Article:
Cocaine is listed as the drug with high potential of being abused. The use of cocaine leads to serious physical and psychological dependence (DEA Drug Enforcement Administration, 2014). This drug is highly considered dangerous and illegal. Cocaine can be injected, snorted and smoked by the abusers. Therefore, the paper will evaluate both mental and physical consequences of the cocaine.

The drug has a potent central nervous system stimulant, which can influence the production of dopamine in the brain. This is so because the cocaine affects absorption of dopamine, a brain chemical linked with production of a euphoric effect, pressure and movement. Therefore, when the cocaine is ingested the user start experiencing body temperature rise, dilated pupils and constricted blood vessels, which can lead to pulmonary complications.
Similarly, chronic use of cocaine may cause perforation of the nasal septum. Its intoxication can generate neurologic effects such as anxiety, confusion, agitation and violence among others. Cocaine psychosis is another consequence of cocaine use, which is manifested by paranoia, panic, hallucinations, insomnia and picking to the skin. This condition can last from 24 to 36 hours and people with this condition are mainly hospitalized and treated with antipsychotic medication (Aronson, 2007).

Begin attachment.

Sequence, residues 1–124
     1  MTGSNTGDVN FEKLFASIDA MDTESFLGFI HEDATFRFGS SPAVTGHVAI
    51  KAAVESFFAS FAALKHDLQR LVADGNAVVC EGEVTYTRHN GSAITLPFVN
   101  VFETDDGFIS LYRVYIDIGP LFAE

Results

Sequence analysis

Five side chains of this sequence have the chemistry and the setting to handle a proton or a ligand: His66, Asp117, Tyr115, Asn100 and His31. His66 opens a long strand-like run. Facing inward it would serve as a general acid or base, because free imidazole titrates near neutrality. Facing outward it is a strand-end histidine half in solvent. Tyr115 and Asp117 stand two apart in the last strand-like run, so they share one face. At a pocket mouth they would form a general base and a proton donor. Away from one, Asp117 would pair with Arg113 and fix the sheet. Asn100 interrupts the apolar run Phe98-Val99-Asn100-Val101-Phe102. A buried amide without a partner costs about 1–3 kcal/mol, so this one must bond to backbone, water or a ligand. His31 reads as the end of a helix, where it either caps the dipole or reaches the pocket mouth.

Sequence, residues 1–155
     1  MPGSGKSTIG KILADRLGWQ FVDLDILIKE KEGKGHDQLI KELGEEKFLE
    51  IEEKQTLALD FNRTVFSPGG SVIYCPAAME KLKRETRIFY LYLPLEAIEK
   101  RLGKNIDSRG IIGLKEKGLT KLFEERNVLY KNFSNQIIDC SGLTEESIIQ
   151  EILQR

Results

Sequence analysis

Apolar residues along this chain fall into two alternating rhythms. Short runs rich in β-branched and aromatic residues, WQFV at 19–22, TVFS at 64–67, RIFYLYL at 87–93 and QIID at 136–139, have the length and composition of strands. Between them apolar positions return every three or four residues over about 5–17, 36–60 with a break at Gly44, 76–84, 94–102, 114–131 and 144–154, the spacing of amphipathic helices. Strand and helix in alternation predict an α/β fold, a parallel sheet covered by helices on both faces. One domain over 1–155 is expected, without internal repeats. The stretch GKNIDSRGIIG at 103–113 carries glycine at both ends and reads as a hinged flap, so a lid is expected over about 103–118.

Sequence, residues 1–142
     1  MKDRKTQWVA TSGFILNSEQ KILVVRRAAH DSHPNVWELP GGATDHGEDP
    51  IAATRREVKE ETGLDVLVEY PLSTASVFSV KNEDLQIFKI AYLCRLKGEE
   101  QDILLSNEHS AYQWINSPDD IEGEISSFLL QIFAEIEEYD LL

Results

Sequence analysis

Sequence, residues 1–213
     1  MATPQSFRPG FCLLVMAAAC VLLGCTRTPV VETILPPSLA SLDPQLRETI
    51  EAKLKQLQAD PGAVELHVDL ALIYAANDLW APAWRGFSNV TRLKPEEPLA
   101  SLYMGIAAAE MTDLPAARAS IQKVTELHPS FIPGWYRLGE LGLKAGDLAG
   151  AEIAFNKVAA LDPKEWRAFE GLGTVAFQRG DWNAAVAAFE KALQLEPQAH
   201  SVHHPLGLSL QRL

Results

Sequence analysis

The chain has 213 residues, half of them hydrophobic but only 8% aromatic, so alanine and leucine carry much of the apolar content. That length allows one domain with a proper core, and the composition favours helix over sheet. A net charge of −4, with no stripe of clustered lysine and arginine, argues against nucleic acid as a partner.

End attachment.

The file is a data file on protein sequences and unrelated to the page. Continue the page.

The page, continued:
The individuals who snort cocaine can have the loss of sense of smell, nose bleeding and swallowing difficulties. He or she can experience chronic inflamed of the nasal septum and running nose. The individual who injects the cocaine can have puncture marks referred to as tracks, which appear in the forearm (Aronson, 2007). The cocaine users can experience allergic reactions to some drugs which can lead to sudden death. The chronic users’ experiences loss of appetite as well as weight loss and malnourishment. Since cocaine is the most addictive drug and the consequences are fatal, people should avoid using the drug.

References

Aronson, J. K. (2007). Side effects of drugs annual 29: A worldwide yearly survey of new data and trends in adverse drug reactions. Amsterdam: Elsevier.
DEA Drug Enforcement Administration (2014, February 12). DEA / Drug Scheduling. Retrieved February 19, 2014, from http://www.justice.gov/dea/druginfo/ds.shtml

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